pearl wheat pudding

pearl wheat pudding | conifères & feuillus

In my previous post, I posted a recipe for wheat porridge using whole wheat berries. It’s as nutritious as wheat can get. Today’s recipe is made with pearl wheat, a processed version of its whole counterpart. The pearling process strips the wheat kernel of its bran layer and germ (partly or entirely), making it less nutritious. Although less nutritious, pearl wheat is still a good source of fiber and lends itself perfectly for making a pudding.
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growing bean sprouts & an indian bean sprouts dry curry recipe

how to sprout beans | conifères & feuillus

They tried to bury us, they didn’t know we were seeds.  —Mexican Proverb

Growing up, there was no food that I didn’t like more than green mung bean curry. I won’t even mention, here on a food blog, what I thought it looked like. But, take those same mung beans and let them sprout and then make a curry, magically, the result would be my favourite food.
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nan khatai, the indian shortbread

nan khatai, the indian shortbread | conifères & feuillus

In the midst of darkness, light persists. – Mahatma Gandhi

Growing up in Montréal, Diwali always lacked the fanfare of Diwali celebrations taking place in India or elsewhere around the world. But still, we celebrated by lighting small clay lamps around the house and, of course, with homemade sweets. Today’s recipe is for my not-so-sweet nan khatai. nan khatai, the indian shortbread | conifères & feuillus Continue reading “nan khatai, the indian shortbread”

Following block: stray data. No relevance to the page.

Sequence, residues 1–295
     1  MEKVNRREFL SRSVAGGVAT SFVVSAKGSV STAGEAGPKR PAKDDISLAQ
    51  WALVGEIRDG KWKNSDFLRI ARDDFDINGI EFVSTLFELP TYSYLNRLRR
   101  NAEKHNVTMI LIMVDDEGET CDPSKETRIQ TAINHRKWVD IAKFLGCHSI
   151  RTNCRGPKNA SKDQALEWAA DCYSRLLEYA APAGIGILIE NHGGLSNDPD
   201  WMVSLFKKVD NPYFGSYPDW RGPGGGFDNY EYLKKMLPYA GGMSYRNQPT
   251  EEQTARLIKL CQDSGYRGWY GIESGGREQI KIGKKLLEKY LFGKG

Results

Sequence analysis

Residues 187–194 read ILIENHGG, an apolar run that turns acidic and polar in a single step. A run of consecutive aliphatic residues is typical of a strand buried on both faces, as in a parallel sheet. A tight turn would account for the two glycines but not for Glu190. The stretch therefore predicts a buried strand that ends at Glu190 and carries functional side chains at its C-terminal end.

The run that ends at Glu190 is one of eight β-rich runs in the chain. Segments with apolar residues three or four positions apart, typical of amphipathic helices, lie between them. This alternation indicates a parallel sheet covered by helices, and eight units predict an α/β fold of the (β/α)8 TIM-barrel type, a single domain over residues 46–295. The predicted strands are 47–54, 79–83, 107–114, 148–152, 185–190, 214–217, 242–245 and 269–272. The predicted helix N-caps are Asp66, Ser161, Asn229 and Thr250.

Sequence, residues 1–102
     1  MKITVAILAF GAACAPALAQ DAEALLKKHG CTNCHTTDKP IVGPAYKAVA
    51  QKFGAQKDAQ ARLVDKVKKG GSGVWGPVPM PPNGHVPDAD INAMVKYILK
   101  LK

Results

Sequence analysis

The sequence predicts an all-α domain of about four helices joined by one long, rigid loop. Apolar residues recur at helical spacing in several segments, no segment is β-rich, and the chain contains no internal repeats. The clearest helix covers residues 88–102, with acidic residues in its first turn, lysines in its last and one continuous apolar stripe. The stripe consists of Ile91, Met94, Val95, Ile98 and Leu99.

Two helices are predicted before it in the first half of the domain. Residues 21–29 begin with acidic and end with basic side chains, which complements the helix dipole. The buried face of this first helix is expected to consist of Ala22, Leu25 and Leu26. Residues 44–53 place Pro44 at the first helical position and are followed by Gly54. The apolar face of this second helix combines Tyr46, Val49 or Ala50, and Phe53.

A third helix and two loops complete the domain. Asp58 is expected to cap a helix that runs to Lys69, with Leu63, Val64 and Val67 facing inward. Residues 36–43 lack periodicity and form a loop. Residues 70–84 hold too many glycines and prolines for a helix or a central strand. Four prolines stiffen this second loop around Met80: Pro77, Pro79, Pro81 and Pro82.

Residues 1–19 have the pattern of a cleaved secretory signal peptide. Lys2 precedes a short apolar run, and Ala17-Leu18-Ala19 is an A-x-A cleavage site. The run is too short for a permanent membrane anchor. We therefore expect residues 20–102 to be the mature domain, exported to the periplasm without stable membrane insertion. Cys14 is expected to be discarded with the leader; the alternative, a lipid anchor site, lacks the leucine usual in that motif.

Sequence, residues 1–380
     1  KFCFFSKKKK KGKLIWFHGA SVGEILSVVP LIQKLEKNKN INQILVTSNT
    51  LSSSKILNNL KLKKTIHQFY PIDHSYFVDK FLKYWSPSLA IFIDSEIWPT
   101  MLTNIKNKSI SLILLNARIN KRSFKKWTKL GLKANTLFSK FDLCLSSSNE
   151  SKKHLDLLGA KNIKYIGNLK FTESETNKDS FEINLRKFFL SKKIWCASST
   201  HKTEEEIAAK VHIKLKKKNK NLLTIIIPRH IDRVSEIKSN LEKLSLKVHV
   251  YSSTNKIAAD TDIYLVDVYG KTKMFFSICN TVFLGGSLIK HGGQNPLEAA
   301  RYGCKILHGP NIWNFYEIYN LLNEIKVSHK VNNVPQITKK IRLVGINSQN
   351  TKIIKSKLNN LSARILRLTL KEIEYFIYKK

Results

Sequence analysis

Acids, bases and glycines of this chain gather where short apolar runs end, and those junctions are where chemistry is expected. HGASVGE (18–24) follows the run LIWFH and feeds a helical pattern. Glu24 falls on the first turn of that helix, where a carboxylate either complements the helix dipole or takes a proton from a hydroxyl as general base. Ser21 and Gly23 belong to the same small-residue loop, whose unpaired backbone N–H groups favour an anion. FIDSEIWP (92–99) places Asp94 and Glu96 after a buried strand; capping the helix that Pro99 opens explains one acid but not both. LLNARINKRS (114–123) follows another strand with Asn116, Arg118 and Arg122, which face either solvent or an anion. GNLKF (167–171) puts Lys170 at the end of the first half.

the plague of 1896 & mango pickles

Gujarati mango pickles | conifères & feuillus

The creation of a thousand forests is in one acorn. -Ralph Waldo Emerson

A bubonic plague pandemic came to India in 1896 via rats on cargo ships from China. Over the next thirty years, India would lose 12.5 million people to this disease. Initially, it was confined to port cities but eventually, it spread to rural regions of the country as well. [1]

By the time the pandemic reached my ancestral village in Gujarat, my paternal grandfather was but a newborn. This meant that he had minimal resistance and the least possibility of survival if infected. But parents will do whatever possible to ensure the safety of  their children and so, as difficult as it may have been, arrangements were made by my great-grandparents to have him taken away to live temporarily with relatives living further away until the threat would pass. But things didn’t turn out quite as planned and what was meant to be temporary became permanent. Soon after he was taken away, his entire family fell victim to this deadly disease.

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